I acquired a Teledyne that had a cracked derailleur hanger and was able to have the frame repaired with fabricated parts. I was able to have several custom cut Ti 6-4 duplicate hangers made that very closely match the original. These patterns were obtained from OEM Teledyne blueprints.
As far as forks, Teledyne forks were originally referred to as "suicide forks" by the industry at that time. Teledyne issued a product recall where I believe the replacement fork was made of steel (can anyone confirm this?) I retain the original Teledyne suicide fork.
I have also scanned the original Teledyne decals into a computer format if anyone needs them...
Regards, Steve Neago
<email@example.com>; <firstname.lastname@example.org> Sent: Wednesday, December 01, 2004 12:05 AM Subject: Re: [CR]Classic - Paramount/Teledyne/Peugoet
> Re: Teledyne: We sold quite a few, and as they got ridden it seemed that
> bigger guys indeed had some breakage. It seemed at about 30k miles and then
> usually fork tips at weld broke, or at the seat cluster some cracked. When
> Teledyne still had tooling they fixed them. After they sold the tooling I
> think a guy in Pasadena had some of it or was connected and he did the
> service for several years, and then it was over. But they were repairable
> Ted Ernst.
> ----- Original Message -----
> From: "Jerome & Elizabeth Moos" <email@example.com>
> To: "Gary Hom" <firstname.lastname@example.org>; <email@example.com>
> Sent: Tuesday, November 30, 2004 8:09 AM
> Subject: Re: [CR]Classic - Paramount/Teledyne/Peugoet
> > You're right about the Peugeot. Top model French bikes are, IMHO, greatly
> > underpriced, perhaps because people are afraid of French thread. So the
> > value of riding it probably greatly exceeds what you could sell it for.
> > Of the other two, the Paramount is more collectable, particularly since it
> > is NOS as is the gruppo. It seems one usually does better selling parts
> > and frame separately than the assembled bike. If the frame is a prime
> > size, I'd think you could get $1500 to maybe $2000 total on eBay for the
> > gruppo and frame sold separately. The Teledyne is not as valuable, partly
> > becasue it is used, but also because of the breakage problems. It seems
> > the market for very good to excellent condition used complete Teledynes is
> > $500 to $600, which is what I paid for mine a few years ago. I've had no
> > problem with the Teledyne, which has the original Ti fork. But I'm not a
> > heavy rider, about 165 lbs, and the original owner was a woman, so perhaps
> > the cracking was more prevalent with
> > 200+ lbs riders.
> > Regards,
> > Jerry Moos
> > Houston, TX
> > Gary Hom <firstname.lastname@example.org> wrote:
> > Have a delima: Getting back to bicycling with my children all riding now.
> > Been thinking about putting back together my road classics to ride.
> > Teledyne Titan with all of the parts I raced it with in the 70's and
> > 80's upgrades
> > Shimano Crane/Dura Ace, Phil Wood Hubs with Fiamme Red Lables
> > All friction shifted with updated brakes (Gray Modolo)
> > I even have the Teledyne Titanium Spindle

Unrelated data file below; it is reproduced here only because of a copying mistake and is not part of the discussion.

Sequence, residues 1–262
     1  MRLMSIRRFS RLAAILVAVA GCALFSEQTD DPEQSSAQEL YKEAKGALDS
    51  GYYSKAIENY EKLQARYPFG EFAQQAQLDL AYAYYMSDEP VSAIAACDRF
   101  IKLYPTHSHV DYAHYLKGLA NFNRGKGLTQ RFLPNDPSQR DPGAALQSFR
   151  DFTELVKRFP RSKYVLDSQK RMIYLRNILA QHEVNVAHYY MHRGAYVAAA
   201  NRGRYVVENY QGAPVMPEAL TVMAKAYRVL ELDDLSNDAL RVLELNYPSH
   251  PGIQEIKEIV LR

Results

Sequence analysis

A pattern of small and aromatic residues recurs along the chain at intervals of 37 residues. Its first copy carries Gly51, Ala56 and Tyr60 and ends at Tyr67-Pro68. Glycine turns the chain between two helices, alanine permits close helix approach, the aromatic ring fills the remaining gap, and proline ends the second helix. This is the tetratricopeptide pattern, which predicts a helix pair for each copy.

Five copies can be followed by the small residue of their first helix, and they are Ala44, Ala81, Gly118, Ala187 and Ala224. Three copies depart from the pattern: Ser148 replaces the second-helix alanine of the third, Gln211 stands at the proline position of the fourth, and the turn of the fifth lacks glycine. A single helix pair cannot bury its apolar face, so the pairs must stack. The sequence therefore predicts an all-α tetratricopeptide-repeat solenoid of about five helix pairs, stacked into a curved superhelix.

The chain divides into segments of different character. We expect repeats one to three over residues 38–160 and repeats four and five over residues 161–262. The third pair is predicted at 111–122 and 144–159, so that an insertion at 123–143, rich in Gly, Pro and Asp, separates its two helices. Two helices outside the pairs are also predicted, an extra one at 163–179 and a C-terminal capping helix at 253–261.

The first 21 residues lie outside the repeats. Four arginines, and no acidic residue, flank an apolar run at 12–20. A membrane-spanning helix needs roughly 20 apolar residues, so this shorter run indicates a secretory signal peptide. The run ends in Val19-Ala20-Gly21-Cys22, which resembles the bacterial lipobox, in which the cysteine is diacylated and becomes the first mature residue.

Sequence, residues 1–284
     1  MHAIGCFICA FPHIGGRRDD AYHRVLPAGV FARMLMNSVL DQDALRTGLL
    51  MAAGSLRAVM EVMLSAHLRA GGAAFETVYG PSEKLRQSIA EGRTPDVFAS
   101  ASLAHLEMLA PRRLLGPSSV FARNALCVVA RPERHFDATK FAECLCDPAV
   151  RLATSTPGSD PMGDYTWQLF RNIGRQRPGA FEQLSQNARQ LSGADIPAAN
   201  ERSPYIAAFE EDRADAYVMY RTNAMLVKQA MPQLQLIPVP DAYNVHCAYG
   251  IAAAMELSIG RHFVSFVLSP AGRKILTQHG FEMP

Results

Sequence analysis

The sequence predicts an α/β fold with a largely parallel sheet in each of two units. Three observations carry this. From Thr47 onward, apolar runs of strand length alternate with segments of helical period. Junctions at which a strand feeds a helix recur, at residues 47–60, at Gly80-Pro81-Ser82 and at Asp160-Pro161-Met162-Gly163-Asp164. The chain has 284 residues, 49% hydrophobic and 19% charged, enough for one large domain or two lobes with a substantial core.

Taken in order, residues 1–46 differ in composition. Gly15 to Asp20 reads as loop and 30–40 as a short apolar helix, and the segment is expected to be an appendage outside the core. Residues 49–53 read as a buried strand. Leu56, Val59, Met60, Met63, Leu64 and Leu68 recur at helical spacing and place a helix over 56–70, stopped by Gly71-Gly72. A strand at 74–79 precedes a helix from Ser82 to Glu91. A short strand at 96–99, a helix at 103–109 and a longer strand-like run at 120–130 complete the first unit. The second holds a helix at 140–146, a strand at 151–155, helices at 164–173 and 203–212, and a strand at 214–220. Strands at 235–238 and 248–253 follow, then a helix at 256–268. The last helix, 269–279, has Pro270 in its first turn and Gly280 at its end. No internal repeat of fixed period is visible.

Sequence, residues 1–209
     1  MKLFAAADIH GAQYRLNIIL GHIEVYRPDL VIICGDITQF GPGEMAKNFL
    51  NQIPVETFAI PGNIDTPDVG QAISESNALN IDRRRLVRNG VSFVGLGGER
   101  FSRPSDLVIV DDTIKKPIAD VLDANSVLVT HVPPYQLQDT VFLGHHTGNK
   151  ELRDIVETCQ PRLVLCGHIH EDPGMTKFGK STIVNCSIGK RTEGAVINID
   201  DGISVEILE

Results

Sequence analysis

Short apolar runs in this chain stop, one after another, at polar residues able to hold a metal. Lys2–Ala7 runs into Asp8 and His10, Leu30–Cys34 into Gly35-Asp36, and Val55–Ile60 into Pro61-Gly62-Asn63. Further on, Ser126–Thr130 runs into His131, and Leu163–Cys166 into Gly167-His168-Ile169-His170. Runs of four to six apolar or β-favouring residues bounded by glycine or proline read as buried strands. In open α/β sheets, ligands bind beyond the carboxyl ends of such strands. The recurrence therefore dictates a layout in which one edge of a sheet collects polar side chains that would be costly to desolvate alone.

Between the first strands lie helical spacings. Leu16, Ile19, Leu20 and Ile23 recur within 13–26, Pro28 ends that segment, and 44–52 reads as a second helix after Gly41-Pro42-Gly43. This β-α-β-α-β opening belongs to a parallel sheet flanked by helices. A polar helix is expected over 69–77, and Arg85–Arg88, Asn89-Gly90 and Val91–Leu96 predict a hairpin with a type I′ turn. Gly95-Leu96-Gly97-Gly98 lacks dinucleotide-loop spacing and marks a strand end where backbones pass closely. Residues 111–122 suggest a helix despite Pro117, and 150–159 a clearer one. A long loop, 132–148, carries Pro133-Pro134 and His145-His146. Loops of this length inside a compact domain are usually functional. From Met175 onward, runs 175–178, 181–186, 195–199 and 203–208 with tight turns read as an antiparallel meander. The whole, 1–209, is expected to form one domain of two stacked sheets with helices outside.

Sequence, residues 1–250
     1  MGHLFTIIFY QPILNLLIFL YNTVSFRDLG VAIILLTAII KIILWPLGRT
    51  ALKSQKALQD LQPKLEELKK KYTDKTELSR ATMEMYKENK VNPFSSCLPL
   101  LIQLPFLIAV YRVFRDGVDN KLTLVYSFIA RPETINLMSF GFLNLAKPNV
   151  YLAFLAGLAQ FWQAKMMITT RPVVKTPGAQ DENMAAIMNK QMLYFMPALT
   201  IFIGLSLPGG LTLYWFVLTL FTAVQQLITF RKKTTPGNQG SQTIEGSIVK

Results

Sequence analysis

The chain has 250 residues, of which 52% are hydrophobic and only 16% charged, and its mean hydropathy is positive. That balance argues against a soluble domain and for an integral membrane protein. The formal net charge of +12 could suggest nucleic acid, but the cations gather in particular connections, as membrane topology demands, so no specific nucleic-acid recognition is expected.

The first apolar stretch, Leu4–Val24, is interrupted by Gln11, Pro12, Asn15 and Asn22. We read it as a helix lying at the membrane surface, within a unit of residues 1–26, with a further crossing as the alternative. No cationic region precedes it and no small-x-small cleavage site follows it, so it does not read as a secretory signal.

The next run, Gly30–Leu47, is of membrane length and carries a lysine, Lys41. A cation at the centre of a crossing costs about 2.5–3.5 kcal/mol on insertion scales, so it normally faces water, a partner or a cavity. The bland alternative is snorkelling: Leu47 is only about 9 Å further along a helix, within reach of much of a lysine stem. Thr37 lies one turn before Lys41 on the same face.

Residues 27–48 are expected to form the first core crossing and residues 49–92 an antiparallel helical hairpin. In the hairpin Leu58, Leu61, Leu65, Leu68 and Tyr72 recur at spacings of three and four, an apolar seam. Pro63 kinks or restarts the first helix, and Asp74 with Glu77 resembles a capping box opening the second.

> > Paramount 50th Anniversary that was purchased as a gift for me back in 88.
> > Never Built but have a 50th Anniversary Campy Group I got to put on it.
> > With Mavic rims GEL 280's
> > Peugeot Champion du Monde early 80's all 531 with a collection of
> > parts from the mid 80's that was a garage cleanup. Not much value in
> > a sale so I might as well keep it and ride it. Anybody here
> > interested in this bike? I can send pictures.
> > Except for the Peugeot which appears to be a possible great classic
> > for riding. I was wondering about the Teledyne and the Paramount.
> > Seen the threads on the Teledyne cracking at the fork and the bottom
> > bracket. I have not ridden the Teledyne since I did Team Triathlons
> > in the 80's.
> > Got it cleaned up with all of the 70's parts ready to put back on.
> > Put a Campy Chorus crank on it back when and lost the Dura Ace.
> > Anybody got a 1st generation Dura Ace to complete the 70 outfitting?
> > Question: Should I be riding this for anything but special events?
> > Is the fork and frame a problem (Vicount Death Fork)? or should I
> > just ride it, enjoy it and remember the rides of my youth...
> > The threads on the Paramount mostly talk about it's collectability.
> > Question: Is it better to leave it unbuilt or put it together to ride
> > with the 50th Campy stuff? Get a 25th anniversary Dura Ace group to
> > put on it to get a modern drivetrain?
> > I have been riding a LiteSpeed Tansi hardtail with full XTR and Cane
> > Creek Wheels and am amazed how much technology has lept ahead over the
> > years this Mountain Bike feels as responsive as my old road bikes and
> > the drive train really works well.
> > Tried a full suspension Mountain Bike and it was too heavy and too
> > much motion from the rear suspension. Hardtail reminds me of my road
> > bike but a bit rough on the trails.
> > I rode a friend's OCLV Trek and was amazed at how light and responsive
> > it was, hence my investigation in either resurrecting my road classics
> > or going to the dark side and getting a more contemporary road machine
> > (Thinking about a used LiteSpeed Ultimate)
> > Thoughts......
> > --
> > Gary Hom
> > Phoenix, Arizona